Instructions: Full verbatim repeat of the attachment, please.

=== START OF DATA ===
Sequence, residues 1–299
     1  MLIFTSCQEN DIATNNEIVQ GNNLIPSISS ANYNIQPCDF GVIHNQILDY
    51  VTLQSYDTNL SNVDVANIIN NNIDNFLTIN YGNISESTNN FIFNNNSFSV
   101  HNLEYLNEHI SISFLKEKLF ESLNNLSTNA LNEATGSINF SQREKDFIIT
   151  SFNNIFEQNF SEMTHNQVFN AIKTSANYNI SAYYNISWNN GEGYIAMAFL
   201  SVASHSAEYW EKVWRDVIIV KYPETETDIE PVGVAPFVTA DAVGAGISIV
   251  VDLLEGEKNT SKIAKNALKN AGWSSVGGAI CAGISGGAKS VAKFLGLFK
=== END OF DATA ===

Sequence, residues 1–299
     1  MLIFTSCQEN DIATNNEIVQ GNNLIPSISS ANYNIQPCDF GVIHNQILDY
    51  VTLQSYDTNL SNVDVANIIN NNIDNFLTIN YGNISESTNN FIFNNNSFSV
   101  HNLEYLNEHI SISFLKEKLF ESLNNLSTNA LNEATGSINF SQREKDFIIT
   151  SFNNIFEQNF SEMTHNQVFN AIKTSANYNI SAYYNISWNN GEGYIAMAFL
   201  SVASHSAEYW EKVWRDVIIV KYPETETDIE PVGVAPFVTA DAVGAGISIV
   251  VDLLEGEKNT SKIAKNALKN AGWSSVGGAI CAGISGGAKS VAKFLGLFK